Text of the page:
An odd thing happened in Ireland on Easter Sunday. A politician, a senator who had been chairperson of the parliamentary committee established, with a thin democratic veneer, to steer the government’s abortion agenda past the alleged representatives of the people, expressed outrage at encountering Christian teaching at a Mass at the historic Knock Shrine in County Mayo. “Easter mass in Knock Basilica this afternoon with my parents,” Sen. Catherine Noone tweeted, “an octogenarian priest took at least 3 opportunities to preach to us about abortion—it’s no wonder people feel disillusioned with the Catholic Church.”
Knock is a world-famous shrine, the location of an apparition in 1879 of the Blessed Virgin Mary, St. Joseph, St. John the Evangelist, and Jesus Christ, the Lamb of God. It should hardly seem unexpected or out of place that, from time to time, one would hear Church teaching articulated from the pulpit there.
People’s feeling entitled to attend Mass, and afterwards objecting to being exposed to the articulation of Church doctrine, is a new phenomenon. It suggests that the Church has become for some people a kind of emptied-out public service, disconnected from any duty to the Truth.
This is not your standard relativism. Nor does it merely express—as some would argue—the belabored binarism of Jesus and Caesar. That case may have traction in the public square, in which the Church might be deemed entitled to have its say but not to impose its way upon the polis. These new trends take things a step further, into the very sanctuary of Truth. Those who have been given the run of the square now want the run of nave, transept, and belfry. Even more disturbingly, many within the Church are willing to give in.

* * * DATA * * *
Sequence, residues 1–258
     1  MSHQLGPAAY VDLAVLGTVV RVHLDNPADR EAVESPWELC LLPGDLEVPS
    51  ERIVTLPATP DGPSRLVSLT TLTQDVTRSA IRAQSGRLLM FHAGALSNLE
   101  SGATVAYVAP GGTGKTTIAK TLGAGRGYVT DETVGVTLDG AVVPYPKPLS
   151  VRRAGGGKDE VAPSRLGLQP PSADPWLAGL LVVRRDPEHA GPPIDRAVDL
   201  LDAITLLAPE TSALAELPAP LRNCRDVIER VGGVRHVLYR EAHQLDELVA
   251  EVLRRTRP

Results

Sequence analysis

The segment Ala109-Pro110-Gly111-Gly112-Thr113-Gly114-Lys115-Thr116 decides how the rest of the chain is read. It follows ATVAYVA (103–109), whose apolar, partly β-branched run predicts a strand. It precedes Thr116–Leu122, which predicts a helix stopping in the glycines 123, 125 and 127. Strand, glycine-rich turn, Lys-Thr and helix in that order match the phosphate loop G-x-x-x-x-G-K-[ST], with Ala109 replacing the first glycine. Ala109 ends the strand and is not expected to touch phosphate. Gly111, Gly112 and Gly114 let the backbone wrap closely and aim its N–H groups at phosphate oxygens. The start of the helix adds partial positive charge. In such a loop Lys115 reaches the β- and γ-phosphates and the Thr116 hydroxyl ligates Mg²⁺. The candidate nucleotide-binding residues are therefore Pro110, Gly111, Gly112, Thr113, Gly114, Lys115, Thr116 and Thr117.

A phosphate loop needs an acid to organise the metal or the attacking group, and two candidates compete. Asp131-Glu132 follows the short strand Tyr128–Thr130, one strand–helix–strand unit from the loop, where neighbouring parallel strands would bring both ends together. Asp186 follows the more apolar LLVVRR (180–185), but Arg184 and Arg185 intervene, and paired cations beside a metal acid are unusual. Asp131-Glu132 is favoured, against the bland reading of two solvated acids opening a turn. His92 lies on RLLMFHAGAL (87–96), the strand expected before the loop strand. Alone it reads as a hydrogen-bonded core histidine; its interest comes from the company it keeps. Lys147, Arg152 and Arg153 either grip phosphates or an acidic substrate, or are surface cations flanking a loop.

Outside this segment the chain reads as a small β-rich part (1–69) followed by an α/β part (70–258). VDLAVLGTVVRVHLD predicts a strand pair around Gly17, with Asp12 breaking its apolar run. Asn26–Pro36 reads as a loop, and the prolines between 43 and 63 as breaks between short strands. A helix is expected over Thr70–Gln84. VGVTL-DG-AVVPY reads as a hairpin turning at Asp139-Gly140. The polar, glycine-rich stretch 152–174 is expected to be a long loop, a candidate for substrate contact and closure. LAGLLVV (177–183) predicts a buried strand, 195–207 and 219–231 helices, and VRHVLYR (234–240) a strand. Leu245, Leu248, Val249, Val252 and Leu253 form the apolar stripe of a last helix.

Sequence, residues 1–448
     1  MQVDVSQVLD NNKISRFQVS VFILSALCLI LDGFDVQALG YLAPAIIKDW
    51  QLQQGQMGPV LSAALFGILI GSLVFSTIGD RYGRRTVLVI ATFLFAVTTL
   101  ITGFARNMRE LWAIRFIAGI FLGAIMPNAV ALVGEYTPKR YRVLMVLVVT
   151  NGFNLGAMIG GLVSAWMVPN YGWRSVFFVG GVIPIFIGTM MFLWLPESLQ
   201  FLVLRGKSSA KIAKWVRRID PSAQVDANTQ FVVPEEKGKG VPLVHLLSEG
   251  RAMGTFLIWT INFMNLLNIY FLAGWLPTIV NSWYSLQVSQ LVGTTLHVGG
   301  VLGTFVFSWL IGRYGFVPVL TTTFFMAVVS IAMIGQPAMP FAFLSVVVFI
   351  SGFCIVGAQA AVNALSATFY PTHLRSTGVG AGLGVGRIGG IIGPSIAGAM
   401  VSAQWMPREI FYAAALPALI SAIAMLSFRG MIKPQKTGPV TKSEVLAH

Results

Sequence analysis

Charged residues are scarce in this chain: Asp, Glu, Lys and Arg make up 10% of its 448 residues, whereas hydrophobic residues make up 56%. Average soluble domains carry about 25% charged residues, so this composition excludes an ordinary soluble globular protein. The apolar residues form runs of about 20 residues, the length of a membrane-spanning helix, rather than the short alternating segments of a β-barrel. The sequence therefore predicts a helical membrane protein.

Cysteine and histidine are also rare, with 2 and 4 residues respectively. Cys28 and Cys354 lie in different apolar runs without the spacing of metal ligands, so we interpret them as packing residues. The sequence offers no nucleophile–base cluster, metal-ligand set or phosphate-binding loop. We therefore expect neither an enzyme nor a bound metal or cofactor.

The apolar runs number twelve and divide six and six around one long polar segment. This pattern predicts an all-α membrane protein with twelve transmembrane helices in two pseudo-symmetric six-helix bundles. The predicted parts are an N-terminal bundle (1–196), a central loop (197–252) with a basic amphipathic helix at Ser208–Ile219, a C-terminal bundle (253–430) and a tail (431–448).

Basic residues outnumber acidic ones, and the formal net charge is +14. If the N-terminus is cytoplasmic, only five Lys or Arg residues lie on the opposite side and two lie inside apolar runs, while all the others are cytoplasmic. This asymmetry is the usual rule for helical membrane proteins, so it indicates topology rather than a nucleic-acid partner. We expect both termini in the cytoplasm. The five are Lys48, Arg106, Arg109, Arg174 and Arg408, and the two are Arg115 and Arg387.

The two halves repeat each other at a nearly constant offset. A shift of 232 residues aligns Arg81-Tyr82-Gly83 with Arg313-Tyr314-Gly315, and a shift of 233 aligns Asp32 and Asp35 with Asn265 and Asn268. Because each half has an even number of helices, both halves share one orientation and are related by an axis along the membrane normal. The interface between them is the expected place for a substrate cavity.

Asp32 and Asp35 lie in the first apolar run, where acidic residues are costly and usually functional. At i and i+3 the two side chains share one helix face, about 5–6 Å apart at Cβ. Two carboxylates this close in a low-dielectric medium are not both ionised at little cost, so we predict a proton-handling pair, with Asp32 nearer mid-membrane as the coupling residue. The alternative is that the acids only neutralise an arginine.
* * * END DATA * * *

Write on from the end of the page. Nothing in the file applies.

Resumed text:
There is a virus at work here that as yet remains unnamed. Its symptoms can be observed in the escalating drift toward schism, but its core nature is not being precisely diagnosed. We might call it “Moralosis,” because it is an attempt to separate the “moral issues” from the core of Christianity. It is not merely about the balance between pastoralism and doctrine, but about the entitlement of the Church to speak of morality at all.
I would trace the earliest signs of this tendency back to 2013, when, not long after his election, Pope Francis spoke to Fr. Antonio Spadaro, editor of La Civiltá Cattolica, concerning a number of the headline “moral” issues which had been the flashpoints of Catholic-liberal conflict for many years.
The pope said: “We cannot insist only on issues related to abortion, gay marriage and the use of contraceptive methods. This is not possible. I have not spoken much about these things, and I was reprimanded for that. But when we speak about these issues, we have to talk about them in a context. The teaching of the Church, for that matter, is clear and I am a son of the Church, but it is not necessary to talk about these issues all the time.”
This superficially confused and confusing statement becomes on examination a kind of prophecy of the response outlined at the start of this article. The pope says he is not deviating from Church teachings. But he is not insisting “only” on such teachings, which must be talked about in “context”; they are “clear” and he does not dispute them, but he does not feel the need to talk about them “all the time.” His central point appears to be that an “excessive” emphasis on moralism serves to suffocate the deeper message of Christianity.